Elvis Has Left the Building


I’m too young to have been sucked into the Elvis craze. I never understood the idea of women crying and fainting. Really, ladies? It’s no wonder that on average we earn less per hour than a man – as a group we look sort of ridiculous. All it takes to overpower us is a charismatic man?

Please.

So, I’ve never liked Elvis. He annoyed me on principle. He dressed funny. So funny. And he had this penchant for being followed by foolish women – women who gave the rest of us a bad name, a weak image.

This perception of Elvis was complicated by a traumatic event. When I was about 12 or 13 years old, my family visited my cousin Ali, “in the country.” She was much older than I was and had children of her own. She was a good Irish-Catholic girl and had settled down with a good Irish-Catholic boy to raise their children in suburban America.  We didn’t have anything in common, other than blood. I was there because my parents brought me there. I haven’t seen Ali in decades.

I can’t tell you anything about this particular visit. I can’t describe the house, the children, what we ate—or even the time of year of the visit. But I remember Elvis. The snap-crackle-pop of the turntable playing Hound Dog, Love Me Tender, and Jailhouse Rock over and over until I wanted to scream. In my head I was listening to Norman Greenbaum (Spirit in the Sky), Three Dog Night (Mama Told Me Not to Come), and John Lennon (Instant Karma). To say the least, the Elvis barrage was not my cup of tea. But it was a world before Walkmans and MP3 players and so I was subjected to his music against my will. I escaped to the silence of the bathroom. I closed the door, exhaled a deep sigh of relief. I sat on the toilet and looked straight ahead.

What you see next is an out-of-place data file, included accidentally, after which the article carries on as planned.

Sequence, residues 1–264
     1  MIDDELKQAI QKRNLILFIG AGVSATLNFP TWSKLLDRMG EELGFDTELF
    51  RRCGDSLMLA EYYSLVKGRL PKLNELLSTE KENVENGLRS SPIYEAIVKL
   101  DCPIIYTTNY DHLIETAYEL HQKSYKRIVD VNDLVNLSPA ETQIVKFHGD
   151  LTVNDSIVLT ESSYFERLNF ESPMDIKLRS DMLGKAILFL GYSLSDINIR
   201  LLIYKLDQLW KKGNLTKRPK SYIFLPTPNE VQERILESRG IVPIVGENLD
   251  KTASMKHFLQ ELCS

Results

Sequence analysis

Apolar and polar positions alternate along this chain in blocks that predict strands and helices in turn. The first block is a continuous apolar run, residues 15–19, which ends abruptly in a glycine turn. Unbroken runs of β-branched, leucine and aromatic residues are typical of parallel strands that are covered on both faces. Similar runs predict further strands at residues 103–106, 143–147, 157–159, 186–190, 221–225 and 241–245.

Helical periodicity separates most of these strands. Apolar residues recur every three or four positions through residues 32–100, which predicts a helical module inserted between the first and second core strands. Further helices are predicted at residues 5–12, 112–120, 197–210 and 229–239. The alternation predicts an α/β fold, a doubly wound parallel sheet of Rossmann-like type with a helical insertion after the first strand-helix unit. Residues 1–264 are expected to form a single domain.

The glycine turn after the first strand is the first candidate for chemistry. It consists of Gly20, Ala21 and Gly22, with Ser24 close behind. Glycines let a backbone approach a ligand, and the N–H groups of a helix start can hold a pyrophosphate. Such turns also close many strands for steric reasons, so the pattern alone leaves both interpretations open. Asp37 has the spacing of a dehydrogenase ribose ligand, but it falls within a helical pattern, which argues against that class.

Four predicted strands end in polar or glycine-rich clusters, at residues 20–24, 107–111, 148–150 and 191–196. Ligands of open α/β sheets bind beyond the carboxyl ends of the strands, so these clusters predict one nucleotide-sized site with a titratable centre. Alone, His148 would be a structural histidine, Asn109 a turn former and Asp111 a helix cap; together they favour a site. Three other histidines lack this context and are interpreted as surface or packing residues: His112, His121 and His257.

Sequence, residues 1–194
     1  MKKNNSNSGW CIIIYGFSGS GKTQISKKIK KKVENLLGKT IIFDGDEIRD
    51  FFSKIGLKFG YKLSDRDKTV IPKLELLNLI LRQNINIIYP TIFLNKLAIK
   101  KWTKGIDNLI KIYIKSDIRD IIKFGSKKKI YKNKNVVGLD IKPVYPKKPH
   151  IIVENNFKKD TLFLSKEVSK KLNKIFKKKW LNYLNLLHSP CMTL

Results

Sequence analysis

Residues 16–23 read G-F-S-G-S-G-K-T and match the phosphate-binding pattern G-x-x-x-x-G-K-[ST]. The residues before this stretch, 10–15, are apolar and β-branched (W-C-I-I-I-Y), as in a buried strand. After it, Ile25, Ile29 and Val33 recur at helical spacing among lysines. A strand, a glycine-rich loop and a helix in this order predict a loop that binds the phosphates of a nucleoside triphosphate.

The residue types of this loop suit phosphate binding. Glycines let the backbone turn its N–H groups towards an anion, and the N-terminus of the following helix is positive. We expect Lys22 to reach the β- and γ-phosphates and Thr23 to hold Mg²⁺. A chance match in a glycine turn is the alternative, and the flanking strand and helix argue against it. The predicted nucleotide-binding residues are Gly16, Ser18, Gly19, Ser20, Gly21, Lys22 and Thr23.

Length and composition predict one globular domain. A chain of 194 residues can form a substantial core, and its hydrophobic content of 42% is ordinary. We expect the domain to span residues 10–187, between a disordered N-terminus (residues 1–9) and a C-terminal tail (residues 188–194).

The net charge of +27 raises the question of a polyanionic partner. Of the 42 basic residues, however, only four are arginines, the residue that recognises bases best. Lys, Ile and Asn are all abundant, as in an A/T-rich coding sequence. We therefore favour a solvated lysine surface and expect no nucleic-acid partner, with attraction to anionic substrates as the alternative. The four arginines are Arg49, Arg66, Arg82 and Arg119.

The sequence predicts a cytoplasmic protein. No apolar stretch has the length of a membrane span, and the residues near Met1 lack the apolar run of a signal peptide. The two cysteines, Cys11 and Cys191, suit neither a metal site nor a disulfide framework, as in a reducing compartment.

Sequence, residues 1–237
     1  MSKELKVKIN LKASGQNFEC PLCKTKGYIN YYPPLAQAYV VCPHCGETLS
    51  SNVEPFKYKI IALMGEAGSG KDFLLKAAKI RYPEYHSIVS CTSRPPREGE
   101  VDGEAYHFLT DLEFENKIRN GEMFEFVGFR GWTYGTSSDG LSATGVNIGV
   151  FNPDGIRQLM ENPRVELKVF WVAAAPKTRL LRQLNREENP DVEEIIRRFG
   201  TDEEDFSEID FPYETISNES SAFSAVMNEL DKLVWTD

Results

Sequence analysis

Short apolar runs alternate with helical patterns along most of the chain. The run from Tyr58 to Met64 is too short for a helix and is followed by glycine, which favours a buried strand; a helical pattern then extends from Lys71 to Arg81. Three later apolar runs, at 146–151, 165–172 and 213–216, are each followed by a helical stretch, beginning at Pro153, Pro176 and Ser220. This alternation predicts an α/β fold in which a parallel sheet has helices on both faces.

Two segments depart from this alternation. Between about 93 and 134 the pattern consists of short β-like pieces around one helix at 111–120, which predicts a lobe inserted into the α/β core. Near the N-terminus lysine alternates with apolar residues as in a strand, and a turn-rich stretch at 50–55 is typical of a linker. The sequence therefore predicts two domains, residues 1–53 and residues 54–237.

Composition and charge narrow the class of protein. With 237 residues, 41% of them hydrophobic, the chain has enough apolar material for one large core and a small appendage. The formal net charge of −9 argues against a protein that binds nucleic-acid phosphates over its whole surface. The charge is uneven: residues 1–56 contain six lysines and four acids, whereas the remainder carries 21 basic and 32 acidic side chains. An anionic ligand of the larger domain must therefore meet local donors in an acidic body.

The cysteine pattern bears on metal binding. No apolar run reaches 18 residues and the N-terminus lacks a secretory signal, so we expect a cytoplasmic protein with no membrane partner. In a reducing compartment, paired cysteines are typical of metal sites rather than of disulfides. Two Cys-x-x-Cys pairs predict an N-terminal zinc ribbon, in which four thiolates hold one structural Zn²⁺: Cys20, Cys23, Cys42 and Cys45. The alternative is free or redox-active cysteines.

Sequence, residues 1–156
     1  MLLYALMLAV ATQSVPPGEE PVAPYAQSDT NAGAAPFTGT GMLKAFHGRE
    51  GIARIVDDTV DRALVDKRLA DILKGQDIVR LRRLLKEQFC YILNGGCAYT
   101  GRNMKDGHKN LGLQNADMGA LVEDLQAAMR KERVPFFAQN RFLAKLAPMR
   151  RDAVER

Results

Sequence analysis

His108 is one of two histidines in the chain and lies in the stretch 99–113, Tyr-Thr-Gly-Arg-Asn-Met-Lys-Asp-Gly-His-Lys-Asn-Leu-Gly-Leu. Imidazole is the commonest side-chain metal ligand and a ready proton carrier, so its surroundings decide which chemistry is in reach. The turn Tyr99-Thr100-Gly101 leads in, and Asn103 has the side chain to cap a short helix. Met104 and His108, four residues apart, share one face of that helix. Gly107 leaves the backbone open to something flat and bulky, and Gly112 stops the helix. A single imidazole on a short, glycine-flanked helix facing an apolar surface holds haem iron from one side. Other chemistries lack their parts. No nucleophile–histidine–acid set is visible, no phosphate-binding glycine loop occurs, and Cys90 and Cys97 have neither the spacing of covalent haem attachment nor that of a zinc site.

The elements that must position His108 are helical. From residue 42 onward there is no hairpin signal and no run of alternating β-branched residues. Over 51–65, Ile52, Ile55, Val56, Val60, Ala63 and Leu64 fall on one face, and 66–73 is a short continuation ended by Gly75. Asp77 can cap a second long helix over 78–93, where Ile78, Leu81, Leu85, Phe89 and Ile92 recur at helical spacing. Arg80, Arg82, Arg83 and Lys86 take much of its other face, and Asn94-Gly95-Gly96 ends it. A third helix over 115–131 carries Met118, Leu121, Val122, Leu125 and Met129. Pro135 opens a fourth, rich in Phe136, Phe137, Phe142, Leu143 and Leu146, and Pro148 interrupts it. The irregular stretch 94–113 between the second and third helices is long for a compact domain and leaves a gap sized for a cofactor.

And there, in living color, was Elvis.

My cousin had a life-sized poster of Elvis on the back of her bathroom door directly across from her toilet! How could anyone pee in here? I blinked several times thinking my over-active imagination must be playing tricks on me. But no, there was Elvis smiling down on me as I sat on the toilet. Not the young, sexy, James-Deany sort of Elvis. But Elvis in the silly white suit. Not quite fat-Elvis yet, just silly.

I was traumatized.

I went and sat in the car. I don’t remember what sort of car it was. It was my dad’s car – so maybe the Cutlass? It was an Oldsmobile; Dad always had Oldsmobiles. I probably had a book. Tolkien, Lewis or Carroll. Maybe Jonathan Swift.

All I remember of that day, with any clarity, is Elvis. And my dad being angry that I was anti-social. How do you socialize with people like that? It is likely I turned on the transistor radio that, at that point, I carried everywhere. Badfinger, Jaggerz, Blues Image, CSN&Y, The Beatles – anything but Elvis.

And for 40 years that’s sort of been my mantra: Anything but Elvis.

My cousin was inconsolable when Elvis died. I’m told she cried—heaving, sobbing crying—for days. She went to Memphis. To the funeral. When I watch video clips and I see the blond woman break through the police line I cringe – is that crazed, irrational woman my blood? My cousin? She walked on the hallowed land at Graceland. Framed newspapers with the headline, The King is Dead. Had trouble digesting the fact that he wasn’t immortal. I’m sure just in case that was the case – she said a rosary for him. I’m sure she knows exactly where she was the moment she heard; what she was doing, who she was with…

I know those particulars when it comes to John Lennon. The moment replays in my mind in slow motion when I hear Imagine. I can still hear the shatter of glass as the coffee pot hit the tile floor; shards of glass flying, ever so slowly, around me. Oh my God, why? was the thought.

But Lennon was shot. Elvis had a heart attack.

My mother compared Ali’s obsession to her own teenage crush on Frank Sinatra. Mom sat through three straight Sinatra shows in a row. I was somewhat incredulous; there is a vast difference between listening to an amazing singer – and having a life-sized poster of someone staring at you while you pee.